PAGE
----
Deciding how to vote based on a single education policy is problematic because education interacts with many other policy processes. For example, even if a graduate has impeccable training in innovation and English, his or her career trajectory can be strongly impacted by government decisions about the structure of the economy.

Asiah Abu Samah (Wiki commons)

Asiah Abu Samah (Wiki commons)

While it is unsettling to see PPSMI become the subject of single-issue voting, it is far more disconcerting to watch our leaders make education policy a pawn in political bargaining. There is a fine line between a government that fears its people and a government that arbitrarily concedes to voters because it fears losing power.

The consequence is that education policy becomes vulnerable to election schedules. This is especially risky because education policy is a long-term investment; the outcomes of a policy can only be assessed once a cohort of students has completed an educational cycle.

Similarly, the pool of qualified and available teachers must come from within the system and has to be built up gradually over time, generation after generation. We cannot improve English-language teaching solely by hiring “native” speakers, not least because education matters as much to nation building as to economic development.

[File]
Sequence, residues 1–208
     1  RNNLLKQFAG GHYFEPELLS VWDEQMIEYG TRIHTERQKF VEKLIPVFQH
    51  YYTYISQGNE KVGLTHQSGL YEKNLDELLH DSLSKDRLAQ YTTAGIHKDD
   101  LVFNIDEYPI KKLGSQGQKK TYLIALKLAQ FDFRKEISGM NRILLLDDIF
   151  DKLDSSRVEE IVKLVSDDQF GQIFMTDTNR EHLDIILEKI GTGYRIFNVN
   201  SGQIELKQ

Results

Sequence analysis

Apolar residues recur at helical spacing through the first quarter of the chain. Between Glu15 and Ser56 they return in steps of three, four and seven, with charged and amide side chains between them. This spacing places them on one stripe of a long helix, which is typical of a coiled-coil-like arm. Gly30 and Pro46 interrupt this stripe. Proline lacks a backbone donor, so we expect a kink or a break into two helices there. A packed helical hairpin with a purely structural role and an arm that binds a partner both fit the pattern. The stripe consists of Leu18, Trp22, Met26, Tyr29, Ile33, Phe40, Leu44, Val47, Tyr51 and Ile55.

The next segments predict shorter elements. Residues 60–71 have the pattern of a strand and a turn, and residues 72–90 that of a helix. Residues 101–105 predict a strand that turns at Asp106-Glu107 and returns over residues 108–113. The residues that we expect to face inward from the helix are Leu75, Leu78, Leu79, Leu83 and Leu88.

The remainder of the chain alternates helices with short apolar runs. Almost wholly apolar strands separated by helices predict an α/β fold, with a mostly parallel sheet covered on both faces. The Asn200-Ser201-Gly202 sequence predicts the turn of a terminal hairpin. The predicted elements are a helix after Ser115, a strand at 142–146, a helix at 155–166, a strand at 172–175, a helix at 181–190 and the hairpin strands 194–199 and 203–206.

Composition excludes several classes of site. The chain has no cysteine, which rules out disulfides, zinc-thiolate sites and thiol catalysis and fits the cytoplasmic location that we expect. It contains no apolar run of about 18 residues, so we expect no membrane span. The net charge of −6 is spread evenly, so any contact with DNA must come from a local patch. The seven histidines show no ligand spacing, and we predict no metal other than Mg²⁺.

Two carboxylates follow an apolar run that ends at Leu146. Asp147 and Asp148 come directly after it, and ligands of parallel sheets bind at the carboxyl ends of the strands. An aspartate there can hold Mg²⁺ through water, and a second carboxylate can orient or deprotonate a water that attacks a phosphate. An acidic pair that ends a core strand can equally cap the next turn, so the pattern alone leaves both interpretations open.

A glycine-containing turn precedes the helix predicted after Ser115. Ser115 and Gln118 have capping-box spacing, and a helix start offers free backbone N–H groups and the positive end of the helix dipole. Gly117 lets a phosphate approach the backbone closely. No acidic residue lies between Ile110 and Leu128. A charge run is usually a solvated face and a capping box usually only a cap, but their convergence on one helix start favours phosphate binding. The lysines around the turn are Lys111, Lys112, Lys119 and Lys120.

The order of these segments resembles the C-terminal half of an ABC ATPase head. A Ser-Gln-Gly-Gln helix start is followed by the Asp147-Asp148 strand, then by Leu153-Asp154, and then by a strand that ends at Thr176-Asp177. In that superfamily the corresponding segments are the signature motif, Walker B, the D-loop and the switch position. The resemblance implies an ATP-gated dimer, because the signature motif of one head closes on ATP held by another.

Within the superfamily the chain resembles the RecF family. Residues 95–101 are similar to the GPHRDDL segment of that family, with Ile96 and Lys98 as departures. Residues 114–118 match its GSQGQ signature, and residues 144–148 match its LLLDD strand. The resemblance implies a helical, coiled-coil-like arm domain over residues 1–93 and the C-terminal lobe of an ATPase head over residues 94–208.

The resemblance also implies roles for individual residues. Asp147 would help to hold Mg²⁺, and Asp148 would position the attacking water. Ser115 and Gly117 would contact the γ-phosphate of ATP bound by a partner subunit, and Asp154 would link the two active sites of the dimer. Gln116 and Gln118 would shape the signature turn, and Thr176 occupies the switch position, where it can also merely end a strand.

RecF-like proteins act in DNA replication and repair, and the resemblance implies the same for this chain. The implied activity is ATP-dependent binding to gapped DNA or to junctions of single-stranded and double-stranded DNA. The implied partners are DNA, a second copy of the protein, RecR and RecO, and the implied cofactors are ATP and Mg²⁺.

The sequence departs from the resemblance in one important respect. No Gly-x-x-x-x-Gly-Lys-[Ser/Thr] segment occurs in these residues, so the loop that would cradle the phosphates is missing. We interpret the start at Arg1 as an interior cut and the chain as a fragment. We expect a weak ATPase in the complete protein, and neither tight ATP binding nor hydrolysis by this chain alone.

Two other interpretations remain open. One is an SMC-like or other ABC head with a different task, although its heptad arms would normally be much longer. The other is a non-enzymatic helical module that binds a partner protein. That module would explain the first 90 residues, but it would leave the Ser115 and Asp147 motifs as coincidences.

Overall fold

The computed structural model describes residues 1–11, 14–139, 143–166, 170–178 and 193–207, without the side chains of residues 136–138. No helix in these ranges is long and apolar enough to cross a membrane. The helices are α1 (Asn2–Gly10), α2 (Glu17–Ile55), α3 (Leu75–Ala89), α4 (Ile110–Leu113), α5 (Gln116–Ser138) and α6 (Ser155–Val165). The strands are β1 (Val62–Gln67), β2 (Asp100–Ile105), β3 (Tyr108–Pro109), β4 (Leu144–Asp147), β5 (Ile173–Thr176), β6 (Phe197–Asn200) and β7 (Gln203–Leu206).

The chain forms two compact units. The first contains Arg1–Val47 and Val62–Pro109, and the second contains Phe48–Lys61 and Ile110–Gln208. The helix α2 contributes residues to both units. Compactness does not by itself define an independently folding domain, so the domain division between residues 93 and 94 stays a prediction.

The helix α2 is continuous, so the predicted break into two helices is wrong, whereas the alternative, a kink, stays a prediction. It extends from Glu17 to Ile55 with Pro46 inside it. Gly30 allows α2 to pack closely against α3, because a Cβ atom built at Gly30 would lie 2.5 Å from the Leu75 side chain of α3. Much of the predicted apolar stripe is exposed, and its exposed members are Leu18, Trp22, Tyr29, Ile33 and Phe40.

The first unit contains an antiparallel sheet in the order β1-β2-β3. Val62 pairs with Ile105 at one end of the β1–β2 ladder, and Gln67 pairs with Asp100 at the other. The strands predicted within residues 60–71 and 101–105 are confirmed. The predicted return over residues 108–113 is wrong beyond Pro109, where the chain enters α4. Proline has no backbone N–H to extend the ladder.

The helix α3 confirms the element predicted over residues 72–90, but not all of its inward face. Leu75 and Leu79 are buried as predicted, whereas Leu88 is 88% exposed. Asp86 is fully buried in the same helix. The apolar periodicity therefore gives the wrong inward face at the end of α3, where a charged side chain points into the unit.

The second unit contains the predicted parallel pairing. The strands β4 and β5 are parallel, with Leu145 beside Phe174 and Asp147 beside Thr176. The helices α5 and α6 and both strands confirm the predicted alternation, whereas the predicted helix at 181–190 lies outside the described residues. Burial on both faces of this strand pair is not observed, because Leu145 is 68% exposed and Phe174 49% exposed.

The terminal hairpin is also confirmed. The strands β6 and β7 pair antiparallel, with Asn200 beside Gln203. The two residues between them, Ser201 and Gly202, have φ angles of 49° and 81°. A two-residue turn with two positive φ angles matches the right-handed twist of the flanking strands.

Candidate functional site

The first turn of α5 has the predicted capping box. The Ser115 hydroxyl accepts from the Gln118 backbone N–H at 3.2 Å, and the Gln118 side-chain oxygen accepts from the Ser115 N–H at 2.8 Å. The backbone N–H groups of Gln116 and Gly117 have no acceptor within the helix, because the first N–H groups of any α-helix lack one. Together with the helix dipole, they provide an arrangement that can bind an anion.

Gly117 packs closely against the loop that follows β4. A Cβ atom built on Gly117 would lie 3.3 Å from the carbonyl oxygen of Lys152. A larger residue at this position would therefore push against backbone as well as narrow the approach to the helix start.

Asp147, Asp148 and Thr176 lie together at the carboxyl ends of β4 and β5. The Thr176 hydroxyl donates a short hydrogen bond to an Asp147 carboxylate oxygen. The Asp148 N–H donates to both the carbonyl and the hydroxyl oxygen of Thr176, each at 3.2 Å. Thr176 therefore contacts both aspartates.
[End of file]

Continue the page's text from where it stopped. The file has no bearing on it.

We should not generalise about PPSMI without understanding the concerns of different groups.

Prevailing opinions in newspapers and blogs about the decade-long PPSMI debate are skewed towards their respective language mediums. A casual reader of English-language newspapers in 2002 would have had the impression that almost everyone supported PPSMI. A casual reader of Malay-language newspapers in 2009 would have had the impression that almost everyone supported its termination.

These media biases have compounded the problem of developing mutual understanding across various PPSMI interest groups. Those within each group hear their own opinions echoed by their fellows, often without listening to the other side. It is true that English proficiency is vital to international competitiveness, but it is equally true that Malay is vital to our national identity.

Chinese- and Tamil-language educationists have had their own concerns. For both, PPSMI represented a threat to culture and to a key area of school performance, whether Mandarin-medium schools’ traditional eminence in science and mathematics education, or Tamil-medium schools’ efforts to minimise the dropout rate. Other issues were regional: while the PPSMI spotlight often turned to rural areas, high-need schools in depressed urban areas were neglected.

  We must not make education policy without rigorous foundations.